Missouri State Capitol

In 1992, Missouri voters overwhelmingly approved a lifetime limit of eight years in both the Missouri Senate and House of Representatives. Twenty years later, the Center for Ethics in Public Life’s conference “Term Limits: Two Decades of Lessons” will explore in detail the positive and negative effects of the policy on state legislative processes, and participants will develop strategies for the future. (Photo by August Jennewein)

Former Speaker of the Missouri House Steven Tilley will be among the participants debating term limits for state legislators at the inaugural Public Ethics Conference, “Term limits: Two Decades of Lessons.” The conference will be presented on Oct. 6 by the Center for Ethics in Public Life at the University of Missouri–St. Louis.

In 1992, Missouri voters overwhelmingly approved (by a margin of 75 percent to 25 percent) a lifetime limit of eight years in both the Missouri Senate and House of Representatives. Twenty years later, this conference will explore in detail the positive and negative effects of this policy on state legislative processes, and participants will develop strategies for the future.

“The policy has come to full fruition in the 20 years since its passage,” said former Sen. Wayne Goode, vice chairman of the Curators of the University of Missouri System. “Moving ahead, term limits will be instrumental in shaping the strategy for any significant legislative activity. Therefore, this is the perfect time for an in-depth conversation about the goals of the term limit policy, its effects and its future.”

“Term limits will have an impact on every legislative agenda for the foreseeable future,” said former Rep. Joe Ortwerth, executive director of the Missouri Family Policy Council. “By bringing together political practitioners and political observers, as well as participants from both sides of the aisle, and both sides of the issue, the conference should engender a fascinating discussion of this highly consequential policy and how to move forward in light of the new legislative reality it has created.”

This conference brings together current and former Missouri legislators, political scientists, state and local officials, lobbyists, attorneys, advocates and the interested public. Speakers include former Speaker Steven Tilley; Sen. Robin Wright-Jones; Rep. Chris Kelly; former Sen. Franc Flotron, who is now a lobbyist; Paul Jacob, past president of U.S. Term Limits; Greg Upchurch, who served as the chairman of Missourians for Limited Terms; David Valentine, retiring associate director for public service at the Truman School of Public Affairs; Marjorie E. Sarbaugh-Thompson, professor of political science, Wayne State University in Detroit; Thad Kousser, associate professor of political science, University of San Diego; and Linda Claire McDaniel, co-president of the League of Women Voters of St. Louis;.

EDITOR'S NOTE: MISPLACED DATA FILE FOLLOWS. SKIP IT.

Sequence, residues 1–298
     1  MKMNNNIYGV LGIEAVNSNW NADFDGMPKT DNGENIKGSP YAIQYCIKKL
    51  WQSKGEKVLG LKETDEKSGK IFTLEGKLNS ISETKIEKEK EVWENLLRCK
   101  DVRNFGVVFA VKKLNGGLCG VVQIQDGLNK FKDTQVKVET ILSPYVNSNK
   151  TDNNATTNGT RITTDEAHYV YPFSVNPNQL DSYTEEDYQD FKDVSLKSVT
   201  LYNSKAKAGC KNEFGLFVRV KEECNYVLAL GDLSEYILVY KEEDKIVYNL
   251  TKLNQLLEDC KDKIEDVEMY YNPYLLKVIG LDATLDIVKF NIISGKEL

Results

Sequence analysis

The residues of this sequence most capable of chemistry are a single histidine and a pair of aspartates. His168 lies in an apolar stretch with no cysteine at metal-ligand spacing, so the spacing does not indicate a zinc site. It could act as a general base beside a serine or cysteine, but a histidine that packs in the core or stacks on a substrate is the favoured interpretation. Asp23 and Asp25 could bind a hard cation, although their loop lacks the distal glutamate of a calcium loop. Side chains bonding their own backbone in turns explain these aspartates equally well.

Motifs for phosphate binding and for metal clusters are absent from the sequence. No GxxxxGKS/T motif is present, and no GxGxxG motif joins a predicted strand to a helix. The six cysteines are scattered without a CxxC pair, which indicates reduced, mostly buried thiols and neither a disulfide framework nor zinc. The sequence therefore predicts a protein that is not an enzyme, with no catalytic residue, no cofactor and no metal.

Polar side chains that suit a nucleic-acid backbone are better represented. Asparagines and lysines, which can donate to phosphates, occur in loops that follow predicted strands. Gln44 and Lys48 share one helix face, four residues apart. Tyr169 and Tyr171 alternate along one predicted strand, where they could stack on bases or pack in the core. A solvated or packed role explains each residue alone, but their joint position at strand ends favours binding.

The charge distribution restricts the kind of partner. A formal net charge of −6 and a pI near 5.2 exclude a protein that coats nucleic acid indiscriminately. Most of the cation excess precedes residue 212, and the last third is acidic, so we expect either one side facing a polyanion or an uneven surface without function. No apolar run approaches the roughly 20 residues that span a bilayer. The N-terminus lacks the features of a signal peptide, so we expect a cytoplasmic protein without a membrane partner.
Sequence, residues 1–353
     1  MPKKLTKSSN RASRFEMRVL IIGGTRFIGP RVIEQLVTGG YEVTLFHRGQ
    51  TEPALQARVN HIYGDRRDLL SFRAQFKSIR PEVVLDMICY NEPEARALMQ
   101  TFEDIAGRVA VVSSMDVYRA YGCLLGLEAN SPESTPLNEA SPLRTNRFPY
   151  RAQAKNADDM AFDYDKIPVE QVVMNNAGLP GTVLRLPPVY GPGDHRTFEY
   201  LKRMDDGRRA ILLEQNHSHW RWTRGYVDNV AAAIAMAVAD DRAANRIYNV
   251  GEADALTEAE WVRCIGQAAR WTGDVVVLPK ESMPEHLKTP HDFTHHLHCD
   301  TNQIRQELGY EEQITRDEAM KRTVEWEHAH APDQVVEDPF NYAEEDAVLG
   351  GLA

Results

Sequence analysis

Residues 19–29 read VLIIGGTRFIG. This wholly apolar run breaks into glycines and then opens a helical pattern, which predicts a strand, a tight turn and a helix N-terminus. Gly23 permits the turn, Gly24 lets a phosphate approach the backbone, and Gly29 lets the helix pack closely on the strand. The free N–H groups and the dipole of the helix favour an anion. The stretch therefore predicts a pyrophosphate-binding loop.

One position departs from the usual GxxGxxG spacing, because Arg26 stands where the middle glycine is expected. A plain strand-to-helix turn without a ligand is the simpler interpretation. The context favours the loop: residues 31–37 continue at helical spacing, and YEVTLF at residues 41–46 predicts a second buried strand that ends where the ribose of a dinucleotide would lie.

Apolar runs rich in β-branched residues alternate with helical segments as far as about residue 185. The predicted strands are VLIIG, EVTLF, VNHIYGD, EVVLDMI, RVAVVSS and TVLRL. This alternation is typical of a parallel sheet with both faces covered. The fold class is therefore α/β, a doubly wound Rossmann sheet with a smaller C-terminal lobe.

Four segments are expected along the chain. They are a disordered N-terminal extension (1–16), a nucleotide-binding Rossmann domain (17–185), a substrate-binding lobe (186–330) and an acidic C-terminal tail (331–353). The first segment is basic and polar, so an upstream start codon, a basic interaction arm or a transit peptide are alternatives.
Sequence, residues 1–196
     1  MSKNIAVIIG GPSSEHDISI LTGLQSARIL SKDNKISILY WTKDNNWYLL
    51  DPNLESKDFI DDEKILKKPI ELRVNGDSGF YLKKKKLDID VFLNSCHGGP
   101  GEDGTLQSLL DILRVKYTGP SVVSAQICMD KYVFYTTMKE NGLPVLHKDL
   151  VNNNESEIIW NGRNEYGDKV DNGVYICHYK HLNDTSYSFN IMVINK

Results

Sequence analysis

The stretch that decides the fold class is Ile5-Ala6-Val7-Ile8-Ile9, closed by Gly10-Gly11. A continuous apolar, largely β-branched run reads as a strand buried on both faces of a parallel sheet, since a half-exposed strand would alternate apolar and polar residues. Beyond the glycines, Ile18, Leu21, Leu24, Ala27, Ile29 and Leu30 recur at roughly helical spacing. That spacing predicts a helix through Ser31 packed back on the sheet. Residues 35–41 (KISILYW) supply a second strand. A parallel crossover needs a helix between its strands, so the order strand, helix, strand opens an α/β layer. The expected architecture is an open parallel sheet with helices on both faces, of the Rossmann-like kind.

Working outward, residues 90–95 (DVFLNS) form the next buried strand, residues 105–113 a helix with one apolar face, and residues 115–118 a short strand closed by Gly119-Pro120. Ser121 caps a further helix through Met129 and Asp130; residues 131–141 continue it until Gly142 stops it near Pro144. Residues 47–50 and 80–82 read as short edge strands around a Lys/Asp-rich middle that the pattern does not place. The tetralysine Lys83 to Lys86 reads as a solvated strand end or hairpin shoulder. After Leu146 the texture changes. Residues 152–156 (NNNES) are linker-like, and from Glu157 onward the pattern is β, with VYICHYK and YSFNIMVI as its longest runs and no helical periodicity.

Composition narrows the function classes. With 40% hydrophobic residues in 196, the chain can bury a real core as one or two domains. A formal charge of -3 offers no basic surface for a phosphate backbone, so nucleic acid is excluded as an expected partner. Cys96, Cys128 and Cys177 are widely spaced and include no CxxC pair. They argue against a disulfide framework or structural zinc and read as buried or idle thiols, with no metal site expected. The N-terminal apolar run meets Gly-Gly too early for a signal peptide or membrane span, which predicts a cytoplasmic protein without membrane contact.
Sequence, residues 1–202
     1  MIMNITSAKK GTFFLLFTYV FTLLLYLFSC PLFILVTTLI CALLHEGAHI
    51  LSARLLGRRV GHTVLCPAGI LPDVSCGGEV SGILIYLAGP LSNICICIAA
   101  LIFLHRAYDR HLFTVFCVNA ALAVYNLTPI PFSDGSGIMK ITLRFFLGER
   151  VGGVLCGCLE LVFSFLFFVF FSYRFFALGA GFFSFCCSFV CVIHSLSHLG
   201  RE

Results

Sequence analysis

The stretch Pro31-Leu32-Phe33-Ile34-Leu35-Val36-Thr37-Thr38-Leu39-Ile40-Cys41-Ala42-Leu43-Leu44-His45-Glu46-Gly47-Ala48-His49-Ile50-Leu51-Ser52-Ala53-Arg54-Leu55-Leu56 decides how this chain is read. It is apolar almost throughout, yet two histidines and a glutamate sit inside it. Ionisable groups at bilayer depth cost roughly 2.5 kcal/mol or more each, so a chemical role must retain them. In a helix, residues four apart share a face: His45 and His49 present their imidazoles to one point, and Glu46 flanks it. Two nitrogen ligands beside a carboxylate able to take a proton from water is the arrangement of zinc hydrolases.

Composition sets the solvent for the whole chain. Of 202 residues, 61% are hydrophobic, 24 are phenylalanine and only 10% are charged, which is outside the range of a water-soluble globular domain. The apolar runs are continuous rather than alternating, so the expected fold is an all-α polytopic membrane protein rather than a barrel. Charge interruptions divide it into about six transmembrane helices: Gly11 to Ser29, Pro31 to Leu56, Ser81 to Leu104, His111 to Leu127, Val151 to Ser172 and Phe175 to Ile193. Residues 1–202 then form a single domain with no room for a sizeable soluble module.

“Fifteen states have now had term limits for about 20 years,” said Wally Siewert, director of the Center for Ethics in Public Life and discussion moderator at the conference. “This provides a rich and varied data source for the political scientists who study their effects.”

The vision of the Center for Ethics in Public Life is to advance the principles of honest, open government that enables citizens to be informed participants in the democratic process and to promote the value and practice of governance based on the merits of issues, free from corruption, undue influence, favoritism, prejudice or conflict of interest.

The center was created at the state legislative level with a broad mandate to advance the cause of ethics in the body politic of the State of Missouri. Housed at UMSL, it is a collaborative entity intended to bring together, around the issue of ethics in public life, those who study governance and those who practice it. The center’s mandate includes education, research and advocacy on public ethics issues at all levels.

“I was originally involved, along with Sen. Chuck Gross, in creating the center, motivated by the belief that an ethical political process is at the heart of the democratic exercise of governance,” Wayne Goode said.

The Center for Ethics in Public Life will present the conference in cooperation with the Department of Political Science at UMSL and the Public Policy Administration program at UMSL. The conference will be from 8 a.m. to 6 p.m. Oct. 6 in the Century Rooms at the Millennium Student Center at UMSL. Registration is $25 and includes a continental breakfast, lunch and reception. Attorneys have the opportunity to earn seven MOBAR CLE hours. Visit cepl.umsl.edu or call 314-516-5974 to register.

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Leslie Patterson

Leslie Patterson

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